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Topless in Trafalgar Square
By Linda Serck
A Sandhurst woman will be posing topless in a mermaid costume on Antony Gormley's plinth in Trafalgar Square. We chat to Natalie Simpson about why she's wearing such a show-stopping outfit.
On Tuesday 28 July 2009, a young lady from Sandhurst will pose on top of a fourth plinth in Trafalgar Square, dressed in a shiny mermaid costume, sitting on a net surrounded by toy sea creatures while blowing bubbles.
Natalie Simpson, 34, is one of the lucky people chosen out of 23,000 applicants to be part the One & Other project, in which artist Antony Gormley gives members of the public an opportunity to stand on a plinth in Trafalgar Square for one hour wearing and doing whatever they like.
Natalie is wearing the topless costume in aid of the charity People for the Ethical Treatment of Animals (PeTA), hoping to encourage people to switch to a vegetarian diet.
The former Sandhurst School pupil be standing on the plinth from 4am to 5am holding up a sign reading: 'Try to relate to who is on your plate – Go vegetarian'.
A blonde wig spares Natalie's blushes
"It was PeTA who came up with the idea," says Natalie of her outfit, "I've been a supporter of them for quite a while and a vegetarian for years. I care about animal rights a lot.
"When I found out I'd won my slot I contacted PeTA to see if I could do something on their behalf so they came up with the mermaid idea.
"It took a little bit of persuasion, but then I thought if it's going to get the headlines then that's what we want to promote the cause."
Luckily for Natalie a long blonde wig will cover her upper half, and the sign should also save her blushes.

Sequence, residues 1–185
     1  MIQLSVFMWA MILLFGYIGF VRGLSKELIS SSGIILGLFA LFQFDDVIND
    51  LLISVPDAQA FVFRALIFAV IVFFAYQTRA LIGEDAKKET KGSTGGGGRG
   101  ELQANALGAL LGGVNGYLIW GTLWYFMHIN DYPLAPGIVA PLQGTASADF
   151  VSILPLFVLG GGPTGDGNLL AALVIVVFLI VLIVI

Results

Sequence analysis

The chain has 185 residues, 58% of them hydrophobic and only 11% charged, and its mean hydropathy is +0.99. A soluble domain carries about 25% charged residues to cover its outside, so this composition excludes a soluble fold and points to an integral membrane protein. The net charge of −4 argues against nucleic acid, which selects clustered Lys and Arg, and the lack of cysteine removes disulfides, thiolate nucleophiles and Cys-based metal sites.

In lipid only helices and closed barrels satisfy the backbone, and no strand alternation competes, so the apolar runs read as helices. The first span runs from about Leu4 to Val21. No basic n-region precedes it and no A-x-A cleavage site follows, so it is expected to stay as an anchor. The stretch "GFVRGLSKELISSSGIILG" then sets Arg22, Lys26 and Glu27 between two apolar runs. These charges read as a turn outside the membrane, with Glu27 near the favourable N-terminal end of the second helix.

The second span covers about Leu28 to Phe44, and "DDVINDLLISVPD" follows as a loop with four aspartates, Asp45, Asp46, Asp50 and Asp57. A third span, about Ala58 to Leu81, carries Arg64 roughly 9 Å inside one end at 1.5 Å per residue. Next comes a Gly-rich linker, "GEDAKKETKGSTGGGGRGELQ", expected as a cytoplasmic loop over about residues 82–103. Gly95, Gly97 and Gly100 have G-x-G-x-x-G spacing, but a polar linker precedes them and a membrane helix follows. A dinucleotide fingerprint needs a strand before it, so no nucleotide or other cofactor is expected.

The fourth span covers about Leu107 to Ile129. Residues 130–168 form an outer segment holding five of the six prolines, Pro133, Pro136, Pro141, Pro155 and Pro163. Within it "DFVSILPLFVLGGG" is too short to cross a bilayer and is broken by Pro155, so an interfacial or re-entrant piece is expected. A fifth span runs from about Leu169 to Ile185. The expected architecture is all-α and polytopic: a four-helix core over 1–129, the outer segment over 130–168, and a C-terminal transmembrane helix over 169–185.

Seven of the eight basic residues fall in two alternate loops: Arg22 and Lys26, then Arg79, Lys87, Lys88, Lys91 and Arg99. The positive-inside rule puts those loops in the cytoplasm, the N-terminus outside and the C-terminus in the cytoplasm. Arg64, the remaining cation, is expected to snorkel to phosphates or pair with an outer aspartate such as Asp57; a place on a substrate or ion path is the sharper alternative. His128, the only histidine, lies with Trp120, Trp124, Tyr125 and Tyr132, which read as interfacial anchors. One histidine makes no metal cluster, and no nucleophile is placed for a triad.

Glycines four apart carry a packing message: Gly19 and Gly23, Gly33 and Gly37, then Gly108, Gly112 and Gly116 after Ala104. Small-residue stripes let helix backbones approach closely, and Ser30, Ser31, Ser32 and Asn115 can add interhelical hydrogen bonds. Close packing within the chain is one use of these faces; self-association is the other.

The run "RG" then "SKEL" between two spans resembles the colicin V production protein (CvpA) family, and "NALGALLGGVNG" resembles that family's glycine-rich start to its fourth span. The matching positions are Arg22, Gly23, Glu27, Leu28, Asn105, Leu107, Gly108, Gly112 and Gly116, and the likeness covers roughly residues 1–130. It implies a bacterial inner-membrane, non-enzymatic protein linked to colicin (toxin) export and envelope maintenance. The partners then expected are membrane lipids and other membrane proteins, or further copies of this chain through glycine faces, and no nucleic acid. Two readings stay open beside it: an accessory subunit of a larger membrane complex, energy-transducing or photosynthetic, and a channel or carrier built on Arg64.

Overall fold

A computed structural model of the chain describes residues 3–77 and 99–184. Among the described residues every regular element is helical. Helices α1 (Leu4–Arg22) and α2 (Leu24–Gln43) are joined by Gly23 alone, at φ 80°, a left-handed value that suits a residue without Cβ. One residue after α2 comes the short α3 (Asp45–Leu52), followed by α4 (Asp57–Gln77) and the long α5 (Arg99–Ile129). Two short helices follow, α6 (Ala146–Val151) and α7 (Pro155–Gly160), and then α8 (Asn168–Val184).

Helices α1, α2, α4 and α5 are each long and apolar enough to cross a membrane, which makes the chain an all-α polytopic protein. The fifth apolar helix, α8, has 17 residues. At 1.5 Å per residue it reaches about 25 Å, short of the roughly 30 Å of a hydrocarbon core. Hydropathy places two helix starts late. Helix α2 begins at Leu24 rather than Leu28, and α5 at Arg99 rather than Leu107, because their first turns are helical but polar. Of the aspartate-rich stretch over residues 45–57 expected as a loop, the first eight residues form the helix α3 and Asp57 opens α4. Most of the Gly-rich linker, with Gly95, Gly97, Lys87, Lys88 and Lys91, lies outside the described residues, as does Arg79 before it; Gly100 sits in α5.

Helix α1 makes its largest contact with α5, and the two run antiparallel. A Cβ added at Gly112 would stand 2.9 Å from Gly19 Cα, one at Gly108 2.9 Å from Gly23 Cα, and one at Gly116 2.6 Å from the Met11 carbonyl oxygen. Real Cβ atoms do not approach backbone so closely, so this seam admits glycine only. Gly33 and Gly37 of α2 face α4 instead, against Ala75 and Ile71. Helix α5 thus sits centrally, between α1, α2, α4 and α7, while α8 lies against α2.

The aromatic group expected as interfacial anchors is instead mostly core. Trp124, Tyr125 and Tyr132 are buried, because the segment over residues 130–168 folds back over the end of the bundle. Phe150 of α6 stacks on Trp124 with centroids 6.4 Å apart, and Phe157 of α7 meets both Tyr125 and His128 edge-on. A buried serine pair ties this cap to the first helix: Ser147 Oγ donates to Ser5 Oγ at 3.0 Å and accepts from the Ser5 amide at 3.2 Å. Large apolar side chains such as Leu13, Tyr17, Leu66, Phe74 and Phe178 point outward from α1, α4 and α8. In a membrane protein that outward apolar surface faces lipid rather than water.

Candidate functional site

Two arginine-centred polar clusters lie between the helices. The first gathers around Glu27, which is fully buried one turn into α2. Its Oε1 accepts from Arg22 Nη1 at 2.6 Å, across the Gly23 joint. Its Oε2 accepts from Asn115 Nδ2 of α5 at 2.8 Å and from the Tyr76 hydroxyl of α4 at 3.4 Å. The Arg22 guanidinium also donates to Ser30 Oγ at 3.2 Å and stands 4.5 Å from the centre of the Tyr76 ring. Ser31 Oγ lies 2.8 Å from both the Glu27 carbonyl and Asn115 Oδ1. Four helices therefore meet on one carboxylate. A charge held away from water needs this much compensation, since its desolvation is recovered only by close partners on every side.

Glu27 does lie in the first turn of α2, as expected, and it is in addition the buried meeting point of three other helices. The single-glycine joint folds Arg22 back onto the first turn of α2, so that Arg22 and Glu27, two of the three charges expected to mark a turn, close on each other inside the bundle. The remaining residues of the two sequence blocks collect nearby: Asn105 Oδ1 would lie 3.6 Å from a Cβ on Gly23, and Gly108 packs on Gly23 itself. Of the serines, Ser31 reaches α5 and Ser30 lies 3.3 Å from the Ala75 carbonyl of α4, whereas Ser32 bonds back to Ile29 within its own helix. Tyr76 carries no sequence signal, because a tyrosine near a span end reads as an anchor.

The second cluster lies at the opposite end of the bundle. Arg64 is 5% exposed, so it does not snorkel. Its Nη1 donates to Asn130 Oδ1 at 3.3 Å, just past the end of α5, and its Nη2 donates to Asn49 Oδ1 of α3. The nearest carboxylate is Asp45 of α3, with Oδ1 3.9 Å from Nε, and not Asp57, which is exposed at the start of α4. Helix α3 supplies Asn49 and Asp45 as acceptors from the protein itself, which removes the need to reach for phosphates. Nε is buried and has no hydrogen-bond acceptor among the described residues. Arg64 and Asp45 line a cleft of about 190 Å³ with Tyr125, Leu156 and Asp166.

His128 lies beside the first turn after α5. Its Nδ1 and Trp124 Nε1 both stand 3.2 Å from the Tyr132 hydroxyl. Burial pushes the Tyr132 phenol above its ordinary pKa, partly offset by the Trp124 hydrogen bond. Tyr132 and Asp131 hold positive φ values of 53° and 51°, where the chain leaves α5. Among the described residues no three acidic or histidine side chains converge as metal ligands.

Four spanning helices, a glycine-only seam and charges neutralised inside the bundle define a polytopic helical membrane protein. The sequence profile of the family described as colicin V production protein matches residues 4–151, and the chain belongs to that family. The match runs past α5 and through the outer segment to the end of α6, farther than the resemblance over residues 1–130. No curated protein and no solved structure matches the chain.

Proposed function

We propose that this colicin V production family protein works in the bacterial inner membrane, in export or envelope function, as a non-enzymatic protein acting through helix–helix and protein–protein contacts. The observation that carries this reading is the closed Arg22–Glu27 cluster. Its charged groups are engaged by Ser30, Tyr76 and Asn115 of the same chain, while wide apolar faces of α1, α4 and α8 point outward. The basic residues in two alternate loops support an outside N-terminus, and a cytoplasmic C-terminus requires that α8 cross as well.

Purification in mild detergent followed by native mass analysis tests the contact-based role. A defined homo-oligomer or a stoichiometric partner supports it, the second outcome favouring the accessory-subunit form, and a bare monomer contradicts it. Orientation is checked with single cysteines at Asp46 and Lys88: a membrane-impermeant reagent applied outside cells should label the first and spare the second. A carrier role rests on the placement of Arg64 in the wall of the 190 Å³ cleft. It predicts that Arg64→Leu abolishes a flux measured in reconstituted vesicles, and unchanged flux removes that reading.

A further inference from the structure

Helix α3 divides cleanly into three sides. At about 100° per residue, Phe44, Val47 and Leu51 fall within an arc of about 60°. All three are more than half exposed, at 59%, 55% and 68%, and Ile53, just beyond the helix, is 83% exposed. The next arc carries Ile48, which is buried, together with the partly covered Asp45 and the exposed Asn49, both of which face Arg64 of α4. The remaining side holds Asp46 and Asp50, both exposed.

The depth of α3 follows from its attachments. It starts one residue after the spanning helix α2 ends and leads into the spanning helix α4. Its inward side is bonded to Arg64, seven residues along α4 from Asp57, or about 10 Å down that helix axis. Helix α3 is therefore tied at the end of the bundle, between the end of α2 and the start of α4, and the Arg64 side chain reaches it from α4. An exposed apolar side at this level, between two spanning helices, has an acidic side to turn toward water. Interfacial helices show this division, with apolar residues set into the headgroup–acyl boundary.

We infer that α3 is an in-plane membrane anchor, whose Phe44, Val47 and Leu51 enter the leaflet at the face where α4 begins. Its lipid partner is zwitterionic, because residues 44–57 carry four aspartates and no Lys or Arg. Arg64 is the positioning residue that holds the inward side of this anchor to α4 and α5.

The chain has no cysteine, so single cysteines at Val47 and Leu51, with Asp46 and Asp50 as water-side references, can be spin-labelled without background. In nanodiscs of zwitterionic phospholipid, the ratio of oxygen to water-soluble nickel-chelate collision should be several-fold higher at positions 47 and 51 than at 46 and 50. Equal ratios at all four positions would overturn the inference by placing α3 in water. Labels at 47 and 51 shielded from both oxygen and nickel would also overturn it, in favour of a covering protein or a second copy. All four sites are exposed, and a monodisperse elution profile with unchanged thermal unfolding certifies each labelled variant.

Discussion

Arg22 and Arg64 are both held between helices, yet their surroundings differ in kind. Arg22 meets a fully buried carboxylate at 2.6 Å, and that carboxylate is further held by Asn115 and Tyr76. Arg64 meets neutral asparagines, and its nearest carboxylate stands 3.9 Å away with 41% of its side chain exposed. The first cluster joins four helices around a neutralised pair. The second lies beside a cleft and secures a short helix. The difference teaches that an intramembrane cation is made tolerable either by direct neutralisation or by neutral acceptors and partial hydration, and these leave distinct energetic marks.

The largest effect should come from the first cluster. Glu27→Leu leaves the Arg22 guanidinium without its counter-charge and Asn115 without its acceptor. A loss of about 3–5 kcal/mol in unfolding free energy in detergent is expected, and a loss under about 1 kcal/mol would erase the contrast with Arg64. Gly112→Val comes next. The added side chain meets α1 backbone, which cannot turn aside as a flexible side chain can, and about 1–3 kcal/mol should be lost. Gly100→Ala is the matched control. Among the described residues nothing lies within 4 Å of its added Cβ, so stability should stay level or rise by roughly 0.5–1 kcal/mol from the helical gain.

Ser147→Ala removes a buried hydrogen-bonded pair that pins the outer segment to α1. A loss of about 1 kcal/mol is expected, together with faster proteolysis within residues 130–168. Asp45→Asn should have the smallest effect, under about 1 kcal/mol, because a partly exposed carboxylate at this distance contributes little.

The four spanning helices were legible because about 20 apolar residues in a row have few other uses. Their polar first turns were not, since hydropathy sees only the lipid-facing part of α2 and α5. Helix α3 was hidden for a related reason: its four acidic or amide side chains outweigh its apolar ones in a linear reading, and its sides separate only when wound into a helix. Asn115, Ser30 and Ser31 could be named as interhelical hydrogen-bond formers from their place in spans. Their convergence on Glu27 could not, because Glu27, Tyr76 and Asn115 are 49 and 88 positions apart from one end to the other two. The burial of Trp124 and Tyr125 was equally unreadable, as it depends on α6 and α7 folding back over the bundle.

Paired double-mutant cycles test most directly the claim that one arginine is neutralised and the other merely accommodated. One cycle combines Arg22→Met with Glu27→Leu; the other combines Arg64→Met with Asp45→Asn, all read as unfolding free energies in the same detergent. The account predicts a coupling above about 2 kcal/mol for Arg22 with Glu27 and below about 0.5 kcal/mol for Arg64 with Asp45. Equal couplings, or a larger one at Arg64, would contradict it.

"I'm going to have my modesty protected, my dad is going to be watching!" says Natalie.
"I'll technically be topless though, so I very much hope it's not going to be too windy and that everything stays in place!"
The ornate costume was provided by PeTA, ("I suspect I'm not their first mermaid!"), and Natalie, who's led a vegetarian lifestyle for 17 years, hopes it'll be show-stopping enough to highlight PeTA's cause.
The charity's view is that fish are intelligent, sensitive animals who experience fear and distress when they are hooked or netted and pulled from the water.
According to PeTA, scientific studies confirm that fish are sensitive individuals who feel pain, just as dogs and cats do.
"It's raising awareness so that people stop and think about what they're eating," says Natalie.
"The best and easiest thing any of us can do to help animals and the planet is go to vegetarian so hopefully that'll sink in in some level with people."
And Natalie is also unfazed if the weather turns nasty while she's on the plinth.
"I'm prepared to suffer for the hour to highlight the suffering that animals go through all the time."
last updated: 10/07/2009 at 10:39